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Displaying items by tag: marine wildlife

#MarineWildlife - The Galway Atlantaquaria is currently caring for an extremely rare slipper lobster found in Galway Bay off the Aran Islands in recent days.

According to the Marine Institute, this is the first recorded landing of the warm ocean species at this latitude in the North Atlantic, after previous reports Kerry and Cork in the last decade.

The latest find was landed by skipper John Connolly of the fishing vessel Connacht Ranger from Kilronan on Inis Mór, and landed into Rossaveal, where it was later identified by Terlich Smith of the Marine Institute.

"My nieces and nephews were very excited about the slipper lobster, and named it Tréan, which is an old Irish word for hardy and brave and usually associated with warriors,” said Connolly.

“The fact it was so small, came so far north, and survived being towed up in a big net full of spurdogs, stones and prawns does make the name seem pretty apt.”

The Galway Atlantaquaria is now caring for the 72mm exotic lobster, which is progressing well after a week in quarantine.

Published in Marine Wildlife

There are photographs on marine animal welfare websites which show the awful horror and terrible suffering which balloon and lantern releases into the air have caused to marine wildlife. If you saw or see them, you would never again let a balloon blow away towards the sky. Those photographs certainly made a huge impression on me as did Niall Hatch, Development Officer with Birdwatch when he came on the programme this week with a plea to all listeners – even though it may be done with the best of intentions, please stop releasing balloons into the air, because that act is killing seabirds and marine wildlife. The country’s marine animal welfare organisations are all backing this plea.
Do listen to Niall, hearken to his words and take action…..

On THIS ISLAND NATION we bring you stories that you won’t hear on any other radio station…. There hasn’t been much reporting that it rains in Antarctica, the Continent of snow and ice where it is now Summertime… And that rain is killing penguins who are used to the cold temperatures but not to being wet….Donald Trump doesn’t believe in climate change… He should listen to those with first-hand experience, like Jim Wilson, the respected Irish ecologist and ornithologist, just back from a trip down there and about to return to the area… Climate change is a hard-sell, he says, but it is happening. It’s difficult to imagine perhaps, but it is a sign of climate change – rain in Antarctica.. Weather is what we experience every day, climate is the long-term change in weather. On our last programme Jim revealed that it was an Irishman, Edward Bransfield, who first set eyes on Antarctica. That story has brought a big response from listeners, so progress is being made on the plan to build a monument to honour Bransfield, even if Russia’s Vladimir Putin may try to claim territorial rights in Antarctica. He could face a tough job to beat the people of Cork Harbour!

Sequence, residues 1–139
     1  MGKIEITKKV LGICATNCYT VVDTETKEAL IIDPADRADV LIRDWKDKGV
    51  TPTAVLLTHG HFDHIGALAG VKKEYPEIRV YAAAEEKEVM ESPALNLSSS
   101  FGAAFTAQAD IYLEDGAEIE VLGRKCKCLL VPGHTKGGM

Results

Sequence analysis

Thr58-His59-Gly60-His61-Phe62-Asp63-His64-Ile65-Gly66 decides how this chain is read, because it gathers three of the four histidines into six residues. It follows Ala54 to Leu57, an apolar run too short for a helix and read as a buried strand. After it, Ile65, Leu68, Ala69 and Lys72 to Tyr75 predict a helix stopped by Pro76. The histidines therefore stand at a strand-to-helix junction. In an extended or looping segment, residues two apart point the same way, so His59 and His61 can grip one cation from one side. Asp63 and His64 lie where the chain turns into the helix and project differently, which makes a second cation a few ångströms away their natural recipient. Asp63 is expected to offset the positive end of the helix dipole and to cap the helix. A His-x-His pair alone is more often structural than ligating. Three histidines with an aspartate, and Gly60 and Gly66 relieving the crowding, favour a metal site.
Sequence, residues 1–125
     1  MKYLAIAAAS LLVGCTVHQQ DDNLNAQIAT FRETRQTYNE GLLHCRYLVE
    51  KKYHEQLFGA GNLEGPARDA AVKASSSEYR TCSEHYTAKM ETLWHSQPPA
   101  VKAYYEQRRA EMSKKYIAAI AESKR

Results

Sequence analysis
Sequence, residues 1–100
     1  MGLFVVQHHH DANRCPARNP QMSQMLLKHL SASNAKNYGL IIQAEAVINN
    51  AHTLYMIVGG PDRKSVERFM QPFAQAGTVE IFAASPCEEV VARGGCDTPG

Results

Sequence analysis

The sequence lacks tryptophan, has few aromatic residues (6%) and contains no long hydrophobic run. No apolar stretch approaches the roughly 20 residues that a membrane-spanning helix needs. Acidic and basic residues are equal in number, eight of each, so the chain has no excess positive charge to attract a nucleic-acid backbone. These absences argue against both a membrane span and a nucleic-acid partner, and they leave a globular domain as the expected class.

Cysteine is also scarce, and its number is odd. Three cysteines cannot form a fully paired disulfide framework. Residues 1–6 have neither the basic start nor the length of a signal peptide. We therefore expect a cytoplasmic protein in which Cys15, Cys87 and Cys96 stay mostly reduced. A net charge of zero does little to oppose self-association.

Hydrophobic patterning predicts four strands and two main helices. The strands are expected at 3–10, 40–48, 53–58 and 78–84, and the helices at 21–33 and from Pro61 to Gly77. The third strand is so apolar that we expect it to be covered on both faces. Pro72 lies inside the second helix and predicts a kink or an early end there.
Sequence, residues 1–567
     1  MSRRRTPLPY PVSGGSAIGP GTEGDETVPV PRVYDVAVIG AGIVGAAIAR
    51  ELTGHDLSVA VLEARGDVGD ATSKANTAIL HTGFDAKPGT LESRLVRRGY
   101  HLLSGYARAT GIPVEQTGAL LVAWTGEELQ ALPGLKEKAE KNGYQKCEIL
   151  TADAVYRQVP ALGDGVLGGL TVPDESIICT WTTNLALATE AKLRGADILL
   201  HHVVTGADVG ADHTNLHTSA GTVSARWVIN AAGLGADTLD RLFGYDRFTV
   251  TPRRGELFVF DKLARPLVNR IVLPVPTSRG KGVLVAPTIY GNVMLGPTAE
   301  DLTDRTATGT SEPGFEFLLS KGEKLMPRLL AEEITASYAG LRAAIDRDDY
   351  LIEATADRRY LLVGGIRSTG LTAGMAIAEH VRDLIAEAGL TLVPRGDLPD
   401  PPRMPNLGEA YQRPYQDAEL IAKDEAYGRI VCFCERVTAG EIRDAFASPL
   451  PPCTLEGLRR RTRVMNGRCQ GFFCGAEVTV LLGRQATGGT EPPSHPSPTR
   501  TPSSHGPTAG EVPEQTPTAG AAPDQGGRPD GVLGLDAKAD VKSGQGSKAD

The Government’s plans to protect and develop rural communities will, it is hoped, include the coastal communities and should include the offshore island communities which are an essential part of Ireland’s maritime history and culture. Rhoda Twombly, Secretary of the Islands’ Federation, Comhdháil Oileán na hÉireann, brings us the latest news from the islands, which include a new college on Inishmaan and developments in the arts on Inisheer. She also reveals why the people of Inishbofin Island are scouring the world for ‘yarn bombs’!
“Boating is for everybody.” I liked those words from Martin Ryan, Chairman of Meitheal Mara, Cork City’s community boatyard and maritime heritage voluntary organisation which has launched an ambitious €5m. ‘Strategic Plan’ to create “an integrated maritime hub” on Leeside. He accepts that it will take some time, maybe as much as five years to achieve, but says the organisation is determined to do this. He makes good points about how our rivers belong to everyone and how building a boat to use on them can be a life-changing experience.